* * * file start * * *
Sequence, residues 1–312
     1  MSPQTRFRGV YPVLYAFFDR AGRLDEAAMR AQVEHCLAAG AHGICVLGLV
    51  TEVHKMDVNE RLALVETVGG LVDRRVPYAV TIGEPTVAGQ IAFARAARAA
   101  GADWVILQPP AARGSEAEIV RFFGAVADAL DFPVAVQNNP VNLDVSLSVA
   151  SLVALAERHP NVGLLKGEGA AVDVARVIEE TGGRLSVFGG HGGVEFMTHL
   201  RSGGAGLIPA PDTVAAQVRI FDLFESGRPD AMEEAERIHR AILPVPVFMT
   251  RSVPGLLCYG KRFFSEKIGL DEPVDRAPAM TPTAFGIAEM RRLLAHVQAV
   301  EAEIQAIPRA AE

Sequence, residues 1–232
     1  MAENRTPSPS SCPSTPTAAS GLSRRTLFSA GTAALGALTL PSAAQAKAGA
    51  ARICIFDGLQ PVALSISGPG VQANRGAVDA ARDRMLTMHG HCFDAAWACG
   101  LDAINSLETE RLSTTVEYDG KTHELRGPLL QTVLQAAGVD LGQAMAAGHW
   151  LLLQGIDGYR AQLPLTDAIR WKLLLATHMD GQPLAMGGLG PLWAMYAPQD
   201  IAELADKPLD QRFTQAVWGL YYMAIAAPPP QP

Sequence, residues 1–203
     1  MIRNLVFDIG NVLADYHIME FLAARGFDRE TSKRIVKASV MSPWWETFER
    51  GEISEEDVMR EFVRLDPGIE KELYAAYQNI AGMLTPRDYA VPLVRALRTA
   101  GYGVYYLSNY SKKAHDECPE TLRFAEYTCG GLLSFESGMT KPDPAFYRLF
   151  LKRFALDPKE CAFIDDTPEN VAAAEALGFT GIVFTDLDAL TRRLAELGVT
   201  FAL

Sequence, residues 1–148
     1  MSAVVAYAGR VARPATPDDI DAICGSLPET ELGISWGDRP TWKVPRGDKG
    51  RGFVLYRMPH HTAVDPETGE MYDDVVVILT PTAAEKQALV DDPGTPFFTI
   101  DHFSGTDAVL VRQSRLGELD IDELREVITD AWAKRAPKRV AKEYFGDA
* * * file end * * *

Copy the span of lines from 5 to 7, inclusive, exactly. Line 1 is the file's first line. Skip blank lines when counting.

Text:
   151  SLVALAERHP NVGLLKGEGA AVDVARVIEE TGGRLSVFGG HGGVEFMTHL
   201  RSGGAGLIPA PDTVAAQVRI FDLFESGRPD AMEEAERIHR AILPVPVFMT
   251  RSVPGLLCYG KRFFSEKIGL DEPVDRAPAM TPTAFGIAEM RRLLAHVQAV